Saturday, April 9, 2011

Transcendentalism, or the History of the World

So today was the day we tackled Transcendentalism. Perhaps I should explain--my daughter's assignment was to read the first chapter of Thoreau's Walden, then write a paper that used Thoreau's essay to identify his Transcendental beliefs. Sweet, right? Think again.

My dutiful daughter waded through the reading assignment, complaining as she went that of course Thoreau's first chapter would have to his longest and most confusing. What on earth was he talking about, anyway?

Wrong thing to say to an English major. Wrong, wrong, wrong. Because I had to explain Transcendentalism, which of course had to be explored against the backdrop of the Age of Enlightenment, the American Revolution, the Industrial Revolution, the Victorian Age, urbanization, and the Romantic movement that was a reaction to all of the above. Plus we had to make a foray into the class system in England, the  differences between Americans and the English at the time of the Revolution, the evolution of communities from agricultural/pastoral, including subsistence farming, to the rise of skill specialization in trades, and how this changed the structure of families and communities, how both the benefits and the drawbacks of industrialization affected the outlook of the Romanticists and the Transcendentalists, and how the realities of the past can become idealized myths in relation to the realities of any given historical period (for example, Arthurian legends in England and the concept of the 'noble savage' in America) and yada yada yada yada yada....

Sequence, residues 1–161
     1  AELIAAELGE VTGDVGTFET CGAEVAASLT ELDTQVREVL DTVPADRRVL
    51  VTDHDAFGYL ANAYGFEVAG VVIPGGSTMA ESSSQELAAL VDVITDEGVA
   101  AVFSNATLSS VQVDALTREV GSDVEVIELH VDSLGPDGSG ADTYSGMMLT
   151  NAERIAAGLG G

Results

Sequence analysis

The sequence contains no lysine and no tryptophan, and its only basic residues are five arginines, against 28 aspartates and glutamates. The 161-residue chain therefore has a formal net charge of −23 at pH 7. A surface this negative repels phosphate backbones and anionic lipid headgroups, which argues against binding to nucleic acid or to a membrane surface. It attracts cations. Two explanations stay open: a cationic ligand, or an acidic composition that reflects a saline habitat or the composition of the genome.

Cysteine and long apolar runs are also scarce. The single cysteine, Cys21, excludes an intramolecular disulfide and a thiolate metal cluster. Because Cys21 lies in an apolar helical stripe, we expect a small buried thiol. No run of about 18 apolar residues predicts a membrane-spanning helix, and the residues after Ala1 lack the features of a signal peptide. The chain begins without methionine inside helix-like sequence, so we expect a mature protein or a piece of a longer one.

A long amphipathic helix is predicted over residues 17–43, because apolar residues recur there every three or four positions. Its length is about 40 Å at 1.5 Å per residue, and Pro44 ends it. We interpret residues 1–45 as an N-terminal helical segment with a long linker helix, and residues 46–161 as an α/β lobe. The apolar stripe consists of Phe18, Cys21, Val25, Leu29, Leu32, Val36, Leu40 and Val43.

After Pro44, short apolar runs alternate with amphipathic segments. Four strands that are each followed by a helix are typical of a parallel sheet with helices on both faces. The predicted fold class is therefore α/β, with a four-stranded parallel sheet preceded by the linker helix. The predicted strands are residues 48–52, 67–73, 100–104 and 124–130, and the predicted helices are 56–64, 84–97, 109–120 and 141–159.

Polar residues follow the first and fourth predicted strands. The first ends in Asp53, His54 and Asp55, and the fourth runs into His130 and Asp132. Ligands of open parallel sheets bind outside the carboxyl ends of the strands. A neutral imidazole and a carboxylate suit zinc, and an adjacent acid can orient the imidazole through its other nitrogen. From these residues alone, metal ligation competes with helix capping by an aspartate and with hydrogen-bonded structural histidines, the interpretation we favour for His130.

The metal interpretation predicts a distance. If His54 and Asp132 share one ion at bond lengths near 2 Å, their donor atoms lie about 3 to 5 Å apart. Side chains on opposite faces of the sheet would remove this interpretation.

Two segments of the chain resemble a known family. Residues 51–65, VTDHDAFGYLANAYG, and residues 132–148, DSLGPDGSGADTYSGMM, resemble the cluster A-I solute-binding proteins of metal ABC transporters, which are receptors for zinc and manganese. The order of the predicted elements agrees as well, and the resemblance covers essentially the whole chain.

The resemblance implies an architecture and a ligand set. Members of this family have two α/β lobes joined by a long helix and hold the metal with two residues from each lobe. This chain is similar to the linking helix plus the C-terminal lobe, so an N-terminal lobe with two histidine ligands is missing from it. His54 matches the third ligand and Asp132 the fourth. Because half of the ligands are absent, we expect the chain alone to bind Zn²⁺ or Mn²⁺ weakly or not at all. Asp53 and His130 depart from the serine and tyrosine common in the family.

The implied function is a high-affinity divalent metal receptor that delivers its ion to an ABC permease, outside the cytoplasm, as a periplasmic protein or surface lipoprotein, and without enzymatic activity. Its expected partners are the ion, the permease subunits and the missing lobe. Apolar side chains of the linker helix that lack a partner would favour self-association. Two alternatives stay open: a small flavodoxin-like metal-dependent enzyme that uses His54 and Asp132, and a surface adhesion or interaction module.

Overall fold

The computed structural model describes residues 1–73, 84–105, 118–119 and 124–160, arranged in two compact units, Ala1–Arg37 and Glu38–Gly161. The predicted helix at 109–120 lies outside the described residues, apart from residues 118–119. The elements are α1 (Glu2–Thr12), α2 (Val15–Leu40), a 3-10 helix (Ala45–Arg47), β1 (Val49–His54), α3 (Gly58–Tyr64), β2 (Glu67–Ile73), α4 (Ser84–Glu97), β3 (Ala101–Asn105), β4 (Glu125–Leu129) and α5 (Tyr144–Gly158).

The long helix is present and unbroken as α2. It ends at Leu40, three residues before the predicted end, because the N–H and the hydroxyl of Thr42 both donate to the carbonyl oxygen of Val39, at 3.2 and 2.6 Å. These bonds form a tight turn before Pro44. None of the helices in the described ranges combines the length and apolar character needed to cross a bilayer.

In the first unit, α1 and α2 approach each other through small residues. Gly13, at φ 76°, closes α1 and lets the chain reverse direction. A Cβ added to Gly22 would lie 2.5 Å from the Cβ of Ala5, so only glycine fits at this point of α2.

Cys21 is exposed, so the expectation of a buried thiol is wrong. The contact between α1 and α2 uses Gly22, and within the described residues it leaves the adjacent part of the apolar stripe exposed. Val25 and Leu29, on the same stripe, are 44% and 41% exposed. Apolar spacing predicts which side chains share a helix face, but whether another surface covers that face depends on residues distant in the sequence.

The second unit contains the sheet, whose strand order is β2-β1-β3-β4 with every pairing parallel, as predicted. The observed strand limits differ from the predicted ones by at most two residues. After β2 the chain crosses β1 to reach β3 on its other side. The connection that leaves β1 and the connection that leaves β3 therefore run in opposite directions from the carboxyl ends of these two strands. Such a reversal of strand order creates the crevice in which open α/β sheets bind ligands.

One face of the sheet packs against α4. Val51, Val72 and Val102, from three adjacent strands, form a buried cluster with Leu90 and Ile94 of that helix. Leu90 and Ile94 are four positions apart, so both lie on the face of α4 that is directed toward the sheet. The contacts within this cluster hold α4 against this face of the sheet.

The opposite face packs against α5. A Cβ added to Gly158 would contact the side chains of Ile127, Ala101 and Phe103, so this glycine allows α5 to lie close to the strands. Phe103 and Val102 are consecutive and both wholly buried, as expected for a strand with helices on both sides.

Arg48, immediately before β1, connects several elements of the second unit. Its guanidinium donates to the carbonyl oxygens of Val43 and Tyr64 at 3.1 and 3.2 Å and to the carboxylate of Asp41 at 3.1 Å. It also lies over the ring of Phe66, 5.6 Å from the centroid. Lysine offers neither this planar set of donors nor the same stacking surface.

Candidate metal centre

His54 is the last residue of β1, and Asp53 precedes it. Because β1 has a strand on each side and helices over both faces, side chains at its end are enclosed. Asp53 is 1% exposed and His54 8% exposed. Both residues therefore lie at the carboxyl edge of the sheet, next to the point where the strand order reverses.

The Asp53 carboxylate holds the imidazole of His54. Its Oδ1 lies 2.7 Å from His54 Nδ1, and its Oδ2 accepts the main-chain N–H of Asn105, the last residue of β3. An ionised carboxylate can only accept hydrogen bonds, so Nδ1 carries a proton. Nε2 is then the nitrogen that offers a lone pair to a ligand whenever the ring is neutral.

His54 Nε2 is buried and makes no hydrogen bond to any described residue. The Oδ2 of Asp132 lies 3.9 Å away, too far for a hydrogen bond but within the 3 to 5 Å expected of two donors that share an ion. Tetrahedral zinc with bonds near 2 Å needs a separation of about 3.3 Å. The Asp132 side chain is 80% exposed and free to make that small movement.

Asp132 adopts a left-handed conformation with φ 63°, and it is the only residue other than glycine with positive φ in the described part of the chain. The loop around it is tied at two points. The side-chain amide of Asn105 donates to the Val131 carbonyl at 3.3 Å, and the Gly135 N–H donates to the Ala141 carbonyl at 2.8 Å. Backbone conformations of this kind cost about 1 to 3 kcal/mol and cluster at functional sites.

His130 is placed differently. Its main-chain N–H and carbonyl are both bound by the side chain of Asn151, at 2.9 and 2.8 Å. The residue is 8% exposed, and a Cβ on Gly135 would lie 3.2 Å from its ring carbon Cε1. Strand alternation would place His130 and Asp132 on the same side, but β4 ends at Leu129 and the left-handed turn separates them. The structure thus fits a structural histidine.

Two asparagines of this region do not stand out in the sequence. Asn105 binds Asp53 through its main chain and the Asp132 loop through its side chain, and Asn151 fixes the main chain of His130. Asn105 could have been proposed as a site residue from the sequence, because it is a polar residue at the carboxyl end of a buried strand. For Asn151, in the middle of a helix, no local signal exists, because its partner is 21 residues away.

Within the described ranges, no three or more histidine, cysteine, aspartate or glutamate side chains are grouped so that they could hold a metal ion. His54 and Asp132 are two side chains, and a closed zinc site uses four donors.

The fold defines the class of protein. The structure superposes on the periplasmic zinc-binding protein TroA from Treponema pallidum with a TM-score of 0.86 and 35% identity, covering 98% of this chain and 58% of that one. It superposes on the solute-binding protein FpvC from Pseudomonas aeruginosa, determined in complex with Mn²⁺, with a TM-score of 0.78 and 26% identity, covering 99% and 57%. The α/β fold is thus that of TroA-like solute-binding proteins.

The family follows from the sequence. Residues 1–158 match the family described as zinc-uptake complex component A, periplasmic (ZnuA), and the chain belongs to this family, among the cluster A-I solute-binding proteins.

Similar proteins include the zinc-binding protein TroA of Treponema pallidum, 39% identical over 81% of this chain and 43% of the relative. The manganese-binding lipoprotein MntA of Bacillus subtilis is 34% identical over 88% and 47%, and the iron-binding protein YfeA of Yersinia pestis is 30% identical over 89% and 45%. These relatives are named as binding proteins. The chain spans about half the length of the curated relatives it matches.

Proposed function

and yada yada yada yada....

and, finally, mercifully, I realized that I had been yammering on for almost an hour, going through the entire history of civilization as it relates to literary subjects in order to explain one concept. Transcendentalism. Oh ye Fates and Fancies! My daughter was still alive--she was breathing-- but her eyes were glazed over.

I had an epiphany. Perhaps I should make a list of the major characteristics of Transcendentalism. Perhaps it should be short and to the point, in bullet form. Perhaps my daughter would actually get a chance to write her paper, using my bulleted list as a guideline.

She was very polite. She declared that NOW  she understood what Thoreau was trying to say in Walden. It had all come together. The day was done. The sun had set. Could we please stop the madness?

I agreed. I think she'll make a full recovery.


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